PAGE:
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Sunday, January 28, 2018

Impact of 2018 federal income tax withholding tables: what will they mean for your employees?

Starting by February 15, U.S. businesses should be implementing the new federal income tax withholding tables while continuing to use the 2017 tables for January (see our January 11, 2018 blog post for more information).

Accordingly, a payroll update for 2018 for Advanced Accounting users is now available. Our 2018 update is now available that includes implementation of the new federal tax tables discussed below plus changes for about 10 states along with the new federal supplemental wage rate, some 941 related changes, and a new payroll tax calculator option.  

More information:  Advanced Accounting year end and latest payroll information

Because several of our accounting software end users attempted to initially implement the tables prior to our releasing an update for them (Advanced Accounting has the ability to enter federal and state tax table changes directly, although typically there may be other computational changes that require an update for certain states), prior to releasing our 2018 payroll tax update, we decided that because of reported difficulties two users had plus in light of all of the publicity surrounding the new rate changes, it would be prudent to analyze what the changes actually can be expected to mean, and to also determine the relative impacts of martial status and dependents with respect to a range of wage amounts.

Our analysis (embedded below; an external link to the document is contained below the embed) focused on monthly wage amounts simply because most household budgets are month oriented.  The monthly wages assume that they are net taxable wages.  We then made a comparison of what the monthly withholding amounts were for the same wage and marital status for a range of monthly wages with withholding allowances ranging from zero to four.   We then computed the monthly increase and the percent reduction in comparing 2018 to 2017.   And we then also took an average increase and percent reduction for wages in the $2000/mo. to $7000/mo. range for each marital status and exemption combination.   All withholding calculations were made by Advanced Accounting's payroll tax calculator.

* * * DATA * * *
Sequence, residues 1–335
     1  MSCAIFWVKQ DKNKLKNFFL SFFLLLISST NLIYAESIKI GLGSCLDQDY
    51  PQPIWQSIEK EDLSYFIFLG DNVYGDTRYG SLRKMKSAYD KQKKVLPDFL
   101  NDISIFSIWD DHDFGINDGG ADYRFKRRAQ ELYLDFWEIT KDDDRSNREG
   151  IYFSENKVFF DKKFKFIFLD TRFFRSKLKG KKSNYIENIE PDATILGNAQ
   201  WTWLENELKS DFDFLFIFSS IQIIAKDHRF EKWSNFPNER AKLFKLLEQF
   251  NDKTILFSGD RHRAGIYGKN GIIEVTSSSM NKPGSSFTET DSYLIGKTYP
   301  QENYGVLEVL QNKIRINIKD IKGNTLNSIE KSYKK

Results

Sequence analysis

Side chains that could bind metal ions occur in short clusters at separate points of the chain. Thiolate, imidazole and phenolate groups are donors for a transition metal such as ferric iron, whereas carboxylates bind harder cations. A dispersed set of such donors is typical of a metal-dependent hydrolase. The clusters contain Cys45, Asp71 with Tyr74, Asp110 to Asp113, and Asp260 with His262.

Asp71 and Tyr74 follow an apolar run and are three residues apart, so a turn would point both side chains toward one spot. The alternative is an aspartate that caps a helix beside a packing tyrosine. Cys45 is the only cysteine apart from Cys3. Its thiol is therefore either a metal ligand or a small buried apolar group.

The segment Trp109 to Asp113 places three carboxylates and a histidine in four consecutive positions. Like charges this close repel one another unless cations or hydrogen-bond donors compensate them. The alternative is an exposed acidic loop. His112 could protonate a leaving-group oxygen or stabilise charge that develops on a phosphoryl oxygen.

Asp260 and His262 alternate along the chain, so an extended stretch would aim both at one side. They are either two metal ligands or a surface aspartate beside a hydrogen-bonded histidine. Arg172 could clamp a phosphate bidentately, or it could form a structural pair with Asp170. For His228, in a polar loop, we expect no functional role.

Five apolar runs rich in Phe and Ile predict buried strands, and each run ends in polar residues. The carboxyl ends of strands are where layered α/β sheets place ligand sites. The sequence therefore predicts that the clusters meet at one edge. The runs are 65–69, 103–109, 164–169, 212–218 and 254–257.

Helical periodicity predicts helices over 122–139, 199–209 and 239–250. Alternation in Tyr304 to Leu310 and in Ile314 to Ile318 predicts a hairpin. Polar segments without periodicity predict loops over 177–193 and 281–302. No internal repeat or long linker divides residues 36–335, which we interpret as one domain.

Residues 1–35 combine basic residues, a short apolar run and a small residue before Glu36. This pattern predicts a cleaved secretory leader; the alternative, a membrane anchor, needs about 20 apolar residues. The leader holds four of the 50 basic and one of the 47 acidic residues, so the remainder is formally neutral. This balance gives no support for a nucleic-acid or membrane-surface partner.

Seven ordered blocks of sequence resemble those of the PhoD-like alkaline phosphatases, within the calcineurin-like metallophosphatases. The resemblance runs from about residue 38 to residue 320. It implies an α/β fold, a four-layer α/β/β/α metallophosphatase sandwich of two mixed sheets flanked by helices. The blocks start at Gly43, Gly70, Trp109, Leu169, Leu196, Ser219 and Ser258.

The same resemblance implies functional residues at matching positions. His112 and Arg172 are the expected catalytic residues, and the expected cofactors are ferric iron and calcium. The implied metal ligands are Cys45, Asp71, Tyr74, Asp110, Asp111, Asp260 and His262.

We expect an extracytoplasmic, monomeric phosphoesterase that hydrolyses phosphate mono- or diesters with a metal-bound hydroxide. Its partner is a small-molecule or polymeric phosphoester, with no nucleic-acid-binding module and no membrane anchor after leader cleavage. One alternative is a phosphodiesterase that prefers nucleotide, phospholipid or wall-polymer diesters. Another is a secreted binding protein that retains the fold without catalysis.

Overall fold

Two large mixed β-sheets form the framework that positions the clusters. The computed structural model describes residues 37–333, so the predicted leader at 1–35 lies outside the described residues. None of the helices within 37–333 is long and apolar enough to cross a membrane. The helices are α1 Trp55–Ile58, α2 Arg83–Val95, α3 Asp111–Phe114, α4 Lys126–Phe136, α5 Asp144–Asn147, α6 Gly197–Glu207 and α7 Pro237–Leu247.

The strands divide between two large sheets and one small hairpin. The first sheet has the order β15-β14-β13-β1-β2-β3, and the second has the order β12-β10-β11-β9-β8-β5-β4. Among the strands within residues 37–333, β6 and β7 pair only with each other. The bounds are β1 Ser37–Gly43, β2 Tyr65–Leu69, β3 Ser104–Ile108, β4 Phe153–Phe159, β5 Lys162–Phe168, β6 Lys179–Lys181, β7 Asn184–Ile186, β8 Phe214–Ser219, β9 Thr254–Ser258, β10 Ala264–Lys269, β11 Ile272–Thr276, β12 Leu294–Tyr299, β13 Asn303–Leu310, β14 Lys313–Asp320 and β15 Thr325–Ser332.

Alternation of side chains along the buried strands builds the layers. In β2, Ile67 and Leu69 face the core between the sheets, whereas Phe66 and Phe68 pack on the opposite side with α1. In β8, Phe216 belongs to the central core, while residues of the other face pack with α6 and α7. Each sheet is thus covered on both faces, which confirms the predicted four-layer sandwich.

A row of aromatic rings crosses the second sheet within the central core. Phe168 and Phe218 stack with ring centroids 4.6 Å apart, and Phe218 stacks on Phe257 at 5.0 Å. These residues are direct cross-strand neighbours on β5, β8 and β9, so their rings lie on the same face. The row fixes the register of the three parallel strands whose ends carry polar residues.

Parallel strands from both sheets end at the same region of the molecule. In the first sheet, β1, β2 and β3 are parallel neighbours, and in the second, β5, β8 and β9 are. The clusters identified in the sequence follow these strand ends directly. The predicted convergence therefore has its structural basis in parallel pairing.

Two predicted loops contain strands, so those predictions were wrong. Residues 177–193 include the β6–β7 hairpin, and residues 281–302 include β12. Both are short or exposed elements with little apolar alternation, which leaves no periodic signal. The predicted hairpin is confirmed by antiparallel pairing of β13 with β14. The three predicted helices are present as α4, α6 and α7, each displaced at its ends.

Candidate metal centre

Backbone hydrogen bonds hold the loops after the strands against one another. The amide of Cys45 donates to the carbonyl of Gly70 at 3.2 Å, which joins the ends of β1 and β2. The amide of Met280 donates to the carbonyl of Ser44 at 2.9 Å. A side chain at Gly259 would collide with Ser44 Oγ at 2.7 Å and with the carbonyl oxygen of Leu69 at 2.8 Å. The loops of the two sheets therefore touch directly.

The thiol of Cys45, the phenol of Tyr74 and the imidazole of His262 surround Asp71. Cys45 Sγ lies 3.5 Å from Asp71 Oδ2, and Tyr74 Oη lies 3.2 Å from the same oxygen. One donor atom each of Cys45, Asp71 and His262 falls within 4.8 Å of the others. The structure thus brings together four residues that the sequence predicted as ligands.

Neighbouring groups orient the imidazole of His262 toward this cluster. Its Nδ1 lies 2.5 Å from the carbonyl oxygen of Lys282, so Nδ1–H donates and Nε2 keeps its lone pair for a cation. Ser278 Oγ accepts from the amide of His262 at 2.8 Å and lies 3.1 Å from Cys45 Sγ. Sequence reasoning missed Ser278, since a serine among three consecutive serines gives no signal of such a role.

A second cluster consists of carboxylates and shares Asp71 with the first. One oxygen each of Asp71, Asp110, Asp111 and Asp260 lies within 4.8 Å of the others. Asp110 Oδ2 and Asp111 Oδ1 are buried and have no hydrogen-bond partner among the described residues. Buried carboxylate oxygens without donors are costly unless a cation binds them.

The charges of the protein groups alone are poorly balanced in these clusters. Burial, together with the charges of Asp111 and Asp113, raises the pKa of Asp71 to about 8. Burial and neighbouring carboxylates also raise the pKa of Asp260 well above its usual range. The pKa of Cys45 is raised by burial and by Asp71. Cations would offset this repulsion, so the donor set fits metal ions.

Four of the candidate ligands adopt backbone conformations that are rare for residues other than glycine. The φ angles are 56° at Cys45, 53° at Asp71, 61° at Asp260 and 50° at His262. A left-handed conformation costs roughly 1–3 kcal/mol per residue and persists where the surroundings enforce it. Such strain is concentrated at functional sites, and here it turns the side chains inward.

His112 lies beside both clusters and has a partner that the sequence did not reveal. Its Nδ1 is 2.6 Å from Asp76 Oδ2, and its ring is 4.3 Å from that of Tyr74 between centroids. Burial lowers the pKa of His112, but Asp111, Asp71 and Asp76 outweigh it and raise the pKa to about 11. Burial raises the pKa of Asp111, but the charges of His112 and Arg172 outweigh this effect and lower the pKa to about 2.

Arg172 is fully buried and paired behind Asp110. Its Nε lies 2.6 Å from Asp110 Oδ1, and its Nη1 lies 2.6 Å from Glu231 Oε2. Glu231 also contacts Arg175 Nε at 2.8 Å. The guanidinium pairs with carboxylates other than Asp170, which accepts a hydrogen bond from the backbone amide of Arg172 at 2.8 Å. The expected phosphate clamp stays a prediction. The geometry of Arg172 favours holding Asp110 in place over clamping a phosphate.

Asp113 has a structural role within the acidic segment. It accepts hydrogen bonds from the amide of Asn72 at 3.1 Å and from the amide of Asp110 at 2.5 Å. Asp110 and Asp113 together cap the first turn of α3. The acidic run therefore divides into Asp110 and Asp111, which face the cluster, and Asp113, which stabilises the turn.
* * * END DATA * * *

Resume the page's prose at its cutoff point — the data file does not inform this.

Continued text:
Results:  employees will see a fairly significant reduction in their federal income tax withholding once the new tables are implemented.   For employees in the $2K to $7K range, the reduction will be typically in the roughly 18% range in most cases.

While the percentage reductions are fairly consistent across most wage limits and regardless of marital status, Single status results in higher monthly savings (on average in the $35 to $40 month range for the $2K to $7K ranges) because of the higher withholding amounts assessed to employees with that status.

We noticed some odd/inconsistent results in comparing Single status withholding differences in higher monthly income ranges (i.e. with nominal differences compared to all others analyzed).

2017 to 2018 FIT comparison document link 

Commentary:  the new tables use the same sort of withholding allowance logic as in the past.  Yet personal exemptions have been eliminated for year end individual federal income tax filings.  More changes may be coming as the year proceeds and we would advise all employees to review their tax withholding status by the end of the third quarter of this year to see how close the new withholding will be approximating their tax liability.  Many states have made changes and more will likely do so.   Some states that have not made changes are realizing that the change while not impacting current withholding tax logic will in fact change individual tax liability for year end filings, causing more taxes to be payable than last year (Utah is one example) or there may be some where the reverse could be true.

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